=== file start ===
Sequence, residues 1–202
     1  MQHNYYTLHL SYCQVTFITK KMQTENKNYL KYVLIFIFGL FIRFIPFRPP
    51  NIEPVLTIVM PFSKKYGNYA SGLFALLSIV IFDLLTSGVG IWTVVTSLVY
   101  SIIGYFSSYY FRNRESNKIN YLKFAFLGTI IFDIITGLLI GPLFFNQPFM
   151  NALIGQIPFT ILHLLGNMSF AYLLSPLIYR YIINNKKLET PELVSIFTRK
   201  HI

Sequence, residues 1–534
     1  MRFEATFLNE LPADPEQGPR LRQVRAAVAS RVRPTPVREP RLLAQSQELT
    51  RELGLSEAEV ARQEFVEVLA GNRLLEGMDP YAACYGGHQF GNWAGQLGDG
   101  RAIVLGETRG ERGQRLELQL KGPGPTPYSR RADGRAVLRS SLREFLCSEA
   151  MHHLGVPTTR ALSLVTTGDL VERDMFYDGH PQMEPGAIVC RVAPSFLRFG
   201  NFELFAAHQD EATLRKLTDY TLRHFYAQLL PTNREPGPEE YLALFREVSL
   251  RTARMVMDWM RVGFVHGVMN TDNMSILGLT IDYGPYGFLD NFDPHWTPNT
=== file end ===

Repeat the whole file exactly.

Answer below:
Sequence, residues 1–202
     1  MQHNYYTLHL SYCQVTFITK KMQTENKNYL KYVLIFIFGL FIRFIPFRPP
    51  NIEPVLTIVM PFSKKYGNYA SGLFALLSIV IFDLLTSGVG IWTVVTSLVY
   101  SIIGYFSSYY FRNRESNKIN YLKFAFLGTI IFDIITGLLI GPLFFNQPFM
   151  NALIGQIPFT ILHLLGNMSF AYLLSPLIYR YIINNKKLET PELVSIFTRK
   201  HI

Sequence, residues 1–534
     1  MRFEATFLNE LPADPEQGPR LRQVRAAVAS RVRPTPVREP RLLAQSQELT
    51  RELGLSEAEV ARQEFVEVLA GNRLLEGMDP YAACYGGHQF GNWAGQLGDG
   101  RAIVLGETRG ERGQRLELQL KGPGPTPYSR RADGRAVLRS SLREFLCSEA
   151  MHHLGVPTTR ALSLVTTGDL VERDMFYDGH PQMEPGAIVC RVAPSFLRFG
   201  NFELFAAHQD EATLRKLTDY TLRHFYAQLL PTNREPGPEE YLALFREVSL
   251  RTARMVMDWM RVGFVHGVMN TDNMSILGLT IDYGPYGFLD NFDPHWTPNT